While I was visiting my parents over the Thanksgiving holiday, my not-so-computer savvy dad once again opened Pandora’s box and asked me what exactly it is that I do for work. Saying, “I’m a Multimedia Project Manager, Dad,” left him only more confused. So while we were sitting there watching football, I decided to take out my iPhone and show him a few examples of Brainshark video presentations, hoping this would help him understand (it didn’t). What it did do was make me realize that so much of the content we create for the web is not optimized for the mobile device. And the problem with that is that the difference between web content and mobile content is negligible these days…if it’s on the web, there’s a darn good chance someone is going to view it on a mobile device.
The Incredible Shrinking Screen
Of course, if your audience is viewing content on the go, they are doing so on a tiny screen, and this presents problems. It’s one thing to show your PowerPoint presentation on an eight foot screen in front of a live audience; it’s entirely different to show it on demand over an eight centimeter screen to someone sitting in an airport bar.
Don’t Get Fancy
Many times when creating a presentation, we try to spice it up, adding animations and layers of images and text, fancy graphics, etc. But when we design a presentation for a mobile device, less really can be more. Keep the slides simple and don’t include too much content. Your narrative will support what you have on the screen and will deliver your message with impact; your slides just need to keep the viewer captivated. The image can be simple, and when viewing on a mobile device, avoiding slide clutter is important - it’s ok to have more slides, with less content per slide. Let’s take a quick look at a presentation that delivers a strong message using limited, yet impactful slide imagery:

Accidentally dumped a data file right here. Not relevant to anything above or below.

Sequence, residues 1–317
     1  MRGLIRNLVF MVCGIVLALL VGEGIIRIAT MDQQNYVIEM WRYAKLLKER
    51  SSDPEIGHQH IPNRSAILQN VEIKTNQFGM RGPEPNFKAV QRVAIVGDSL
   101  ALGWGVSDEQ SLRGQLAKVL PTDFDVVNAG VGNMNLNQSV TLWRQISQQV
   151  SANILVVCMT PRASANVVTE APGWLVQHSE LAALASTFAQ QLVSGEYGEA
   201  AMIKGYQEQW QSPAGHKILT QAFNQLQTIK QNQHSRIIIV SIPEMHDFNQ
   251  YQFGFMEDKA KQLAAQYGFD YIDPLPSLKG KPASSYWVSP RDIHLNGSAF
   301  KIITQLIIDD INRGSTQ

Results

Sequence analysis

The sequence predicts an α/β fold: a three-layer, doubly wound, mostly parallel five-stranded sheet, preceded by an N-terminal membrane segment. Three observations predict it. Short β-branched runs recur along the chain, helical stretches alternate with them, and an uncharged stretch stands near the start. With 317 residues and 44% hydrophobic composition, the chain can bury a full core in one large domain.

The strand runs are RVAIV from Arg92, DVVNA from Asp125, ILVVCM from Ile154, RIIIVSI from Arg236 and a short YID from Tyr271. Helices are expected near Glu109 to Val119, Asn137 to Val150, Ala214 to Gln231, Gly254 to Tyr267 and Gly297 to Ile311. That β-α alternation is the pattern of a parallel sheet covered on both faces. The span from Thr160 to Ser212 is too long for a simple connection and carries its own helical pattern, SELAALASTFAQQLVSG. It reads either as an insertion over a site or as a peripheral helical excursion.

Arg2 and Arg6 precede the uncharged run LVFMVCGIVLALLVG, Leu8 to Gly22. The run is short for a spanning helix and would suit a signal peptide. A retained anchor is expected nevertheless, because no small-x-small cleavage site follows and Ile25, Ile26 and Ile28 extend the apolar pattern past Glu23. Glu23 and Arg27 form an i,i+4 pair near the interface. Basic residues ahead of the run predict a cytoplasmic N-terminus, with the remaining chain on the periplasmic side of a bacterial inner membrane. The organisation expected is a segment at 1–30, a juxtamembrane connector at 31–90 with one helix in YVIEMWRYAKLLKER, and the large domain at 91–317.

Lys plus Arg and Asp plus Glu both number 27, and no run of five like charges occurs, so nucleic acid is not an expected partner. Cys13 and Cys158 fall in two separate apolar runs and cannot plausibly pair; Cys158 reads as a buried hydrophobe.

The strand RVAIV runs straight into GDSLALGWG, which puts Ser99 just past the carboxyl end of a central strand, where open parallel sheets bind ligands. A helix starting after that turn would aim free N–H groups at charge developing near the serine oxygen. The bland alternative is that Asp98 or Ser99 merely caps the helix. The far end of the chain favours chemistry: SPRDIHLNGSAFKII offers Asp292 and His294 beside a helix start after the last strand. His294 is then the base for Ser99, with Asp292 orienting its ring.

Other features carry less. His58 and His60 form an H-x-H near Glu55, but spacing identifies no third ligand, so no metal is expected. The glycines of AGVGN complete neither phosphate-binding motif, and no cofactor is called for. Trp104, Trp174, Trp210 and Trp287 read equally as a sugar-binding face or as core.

“There are Dark Shadows on Earth, but its Lights are Stronger in the Contrast” – Charles Dickens
Another key element in making your mobile video presentation captivating is the effective use of the contrast design element. You want to use a color pattern that will allow text and imagery to stand out from the background and animate your graphics with distinct borders or drop shadows. Let’s view some other presentation examples that do exactly that:
More video content is being consumed every day on mobile devices around the globe, and when building for your audience, you have to consider that more than one person out there is going to view your presentation from a mobile device. Following these quick tips can help you create media that will make an impact with an audience on the go.